African American ObituariesEdit This Page
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Obituaries provide such information as the deceased’s name; age; birth date and place, including foreign town and country of birth; and parents’ names. They also contain the names and residences of living children, relatives, or other family members; maiden name; and occupation. Previously deceased family members are frequently mentioned. They may also indicate previous places of residence, immigration information, religion, and any social organizations or activities the deceased was involved in.
Obituary files may be kept in local public libraries and by newspaper publishers. Some obituaries have also been published and indexed in genealogical periodicals that are available in the Family History Library. These are referenced in the "Places" section of the PERiodical Source Index (PERSI), which is described in United States Periodicals.
Use obituaries to:
- Find information about your ancestor, such as birth, marriage, death, and burial
- Learn the names of family members, such as parents, spouse(s), children, brothers, and sisters
A few obituaries were published in the 1800s, but the practice became common only after 1900. Obituaries range from one-line death notices to biographies of several paragraphs. They may give:
- Full name (including maiden name for women)
- Death date and place
- Burial date and place
- parents' names
- membership in religious or charity groups
- Biographical information
- Places of residence
- Names and places of residence of surviving children and grandchildren
Searching Obituary Records
Before searching obituary records you must know:
- Your ancestor's name at death (including a woman's married surname)
- Your ancestor's approximate death date
- The town or county where you ancestor lived or died or where the funeral occurred
To find newspaper obituaries from a library in the town of your ancestor's funeral:
- Find a library at www.switchboard.com and write down the telephone number. The listings are arranged by state, then county or town. Libraries are listed according to their distance from a given address, such as an ancestor's place of death.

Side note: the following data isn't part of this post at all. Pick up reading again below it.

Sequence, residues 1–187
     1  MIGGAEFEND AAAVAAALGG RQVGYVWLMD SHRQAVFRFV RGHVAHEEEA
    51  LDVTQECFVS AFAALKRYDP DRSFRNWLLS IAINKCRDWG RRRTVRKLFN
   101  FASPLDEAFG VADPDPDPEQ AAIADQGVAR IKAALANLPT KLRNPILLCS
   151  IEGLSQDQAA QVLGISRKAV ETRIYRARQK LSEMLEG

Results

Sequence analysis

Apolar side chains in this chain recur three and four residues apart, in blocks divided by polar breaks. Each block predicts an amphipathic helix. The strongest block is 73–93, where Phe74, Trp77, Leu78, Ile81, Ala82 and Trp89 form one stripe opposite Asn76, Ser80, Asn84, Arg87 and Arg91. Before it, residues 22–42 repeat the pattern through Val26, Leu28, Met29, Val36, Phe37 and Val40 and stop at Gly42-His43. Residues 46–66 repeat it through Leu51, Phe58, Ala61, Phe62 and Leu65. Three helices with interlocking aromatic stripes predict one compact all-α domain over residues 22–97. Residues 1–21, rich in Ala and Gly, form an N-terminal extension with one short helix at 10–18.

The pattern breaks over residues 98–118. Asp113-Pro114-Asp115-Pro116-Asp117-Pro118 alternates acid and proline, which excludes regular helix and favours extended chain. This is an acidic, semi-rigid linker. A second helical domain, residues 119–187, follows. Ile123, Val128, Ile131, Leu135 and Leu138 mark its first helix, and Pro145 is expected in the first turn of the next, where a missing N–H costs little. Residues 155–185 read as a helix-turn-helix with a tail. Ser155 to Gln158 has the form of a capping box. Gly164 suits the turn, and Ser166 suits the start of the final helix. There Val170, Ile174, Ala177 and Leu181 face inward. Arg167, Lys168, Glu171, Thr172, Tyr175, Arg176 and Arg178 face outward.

- Call the librarian and ask if they will search obituaries and send you a copy or lend obituary records to your local library.
- Ask which records are likely to have your ancestor's obituary.
- Ask what information you need to request the copy for an interlibrary loan.
To find newspapers and obituary indexes in your ancestor's area, the following sources are helpful:
- Obituaries: A Guide to Sources, 2nd ed., by Betty M. Jarboe, 1989. (FHL book 973 V43j.) Lists over 3,500 sources of obituary indexes and abstracts, arranged by state, then author or title. Includes an appendix that describes obituary indexes at major libraries in 18 states.
- Newspapers in Microform: United States, 1948-1983, Library of Congress, 1984. (FHL book 011.35 N479s; film 1145942.) Arranged by state, then town. Lists newspaper title, years of operation, parent and spin-off papers, and places where microforms are available.
- Gale Director of Publications and Broadcast Media, annual, 4 volumes, Gale Research. (FHL book 970 B34a.) Arrantged by state, then town. Lists addresses and telephone numbers of current newspapers and publishers.
- Some people had more than one obituary. If you find a short death notice, look for a longer obituary in a later newspaper.
- Small-town newspapers often print more detailed obituaries than larger newspapers do.
- Newspapers sometimes report the gathering of relatives during an illness or after a death. If you do not find an obituary for your ancestor on their death date, search the newspaper for two weeks before and two weeks after.
- Look for newspapers at the newspaper office or a library in your ancestor's town. The Family History Library and family history centers have indexes to obituaries and newspaper collecitons, but few actual records.
- Most newspaper publishers will not search their files for you, but some will photocopy an article if you can provide a specific date and event.
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